Another source of information that can be gleaned from the census, which many people don’t think about but might aid in the search for relatives, is who the family’s neighbors were.
“Finding out who neighbors were is important because a lot of times they intermarried. They all lived close to each other and in some towns and places you find out neighbors were actually related,” she said.
Thompson also suggested that researchers keep an open mind when it comes to information they think they know but might not be correct.
“It’s not real often but it does happen. A lot of times people will have information about their families but it’s misinformation,” she said.
“We find people come in and find out their parents have been married and they didn’t know about it or one of their grandmothers had been married three times and the family thought she had only been married twice.”
Thompson for example, found out that one of her relatives abandoned his wife and five children. The wife got mad and went to the courthouse and changed her last name and all five of her children’s last names to her maiden name. The woman then married multiple times after that and was buried in a cemetery under a new married name.
The volunteers also suggest that people not judge their relatives to harshly for things they may have done, such as commit crimes or owned slaves.
“You have to be willing to accept the good, the bad and the ugly,” said volunteer and board member, Hope Higgins.
The volunteers also run into situations when the facts just don’t bear out what family lore has taught them, but the family history researcher just refused to believe it.
“Some people won’t accept thing even if you show them the records,” Bullock said.
All the volunteers in the genealogy room have hours upon hours of on-the-job training and have done in-depth research into their own family’s history which had led to a lot of tips and tricks they can share with novices who come to the room in search of history. Some of the volunteers even have specialized skills they’ve learned over the years to find historical figures that might be hard to trace. Nita Ingram specializes in helping African-American people trace their history to relatives that may have been slaves.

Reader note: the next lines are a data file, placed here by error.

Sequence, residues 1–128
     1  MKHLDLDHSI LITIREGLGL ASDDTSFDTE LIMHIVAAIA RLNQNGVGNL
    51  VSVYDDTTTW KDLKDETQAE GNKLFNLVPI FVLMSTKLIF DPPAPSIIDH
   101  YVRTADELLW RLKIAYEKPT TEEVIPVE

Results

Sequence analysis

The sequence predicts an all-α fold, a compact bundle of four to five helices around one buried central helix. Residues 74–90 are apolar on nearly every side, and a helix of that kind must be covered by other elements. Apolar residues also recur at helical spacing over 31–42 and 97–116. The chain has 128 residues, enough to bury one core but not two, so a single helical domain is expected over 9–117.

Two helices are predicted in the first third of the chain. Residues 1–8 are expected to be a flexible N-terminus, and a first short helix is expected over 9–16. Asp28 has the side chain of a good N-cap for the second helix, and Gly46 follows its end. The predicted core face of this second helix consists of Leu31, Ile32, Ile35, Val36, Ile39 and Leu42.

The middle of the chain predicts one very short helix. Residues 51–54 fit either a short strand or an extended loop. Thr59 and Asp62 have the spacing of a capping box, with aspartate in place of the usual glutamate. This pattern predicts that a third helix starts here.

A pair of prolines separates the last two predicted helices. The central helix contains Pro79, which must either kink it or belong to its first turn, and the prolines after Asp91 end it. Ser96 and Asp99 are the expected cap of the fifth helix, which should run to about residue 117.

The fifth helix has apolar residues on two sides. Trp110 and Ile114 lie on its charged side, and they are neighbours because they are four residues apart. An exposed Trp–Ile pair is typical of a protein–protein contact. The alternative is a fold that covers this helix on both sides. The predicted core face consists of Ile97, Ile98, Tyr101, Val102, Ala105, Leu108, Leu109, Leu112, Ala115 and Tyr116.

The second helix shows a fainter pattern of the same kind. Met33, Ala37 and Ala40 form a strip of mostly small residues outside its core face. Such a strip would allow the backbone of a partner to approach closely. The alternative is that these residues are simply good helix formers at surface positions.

“She’s really good at finding the slaves and where they got to because they didn’t have the paperwork and the information that we had for let’s say for the plantation owners,” Thompson said, adding that she admired the work Ingram does greatly.
Ingram has learned over the years that finding African-American slave records comes with a lot of math and a lot of looking into property records.
“I have my own little techniques,” she said. “I’m kind of self-taught.”
Like looking for any other family’s history, the jumping off point is often a death record for a grandparent.
“I use obituaries a lot,” Ingram said. “I’m basically looking for a time frame or a name and the farther back I can find a name the better off I am.”
Then she sits down and starts subtracting to figure out where in history she might need to go to find a census but more often she ends up looking through wills belonging to slaveholders and their families if she’s looking for people before 1870, which was the first census taken after the Emancipation Proclamation and the end of the Civil War.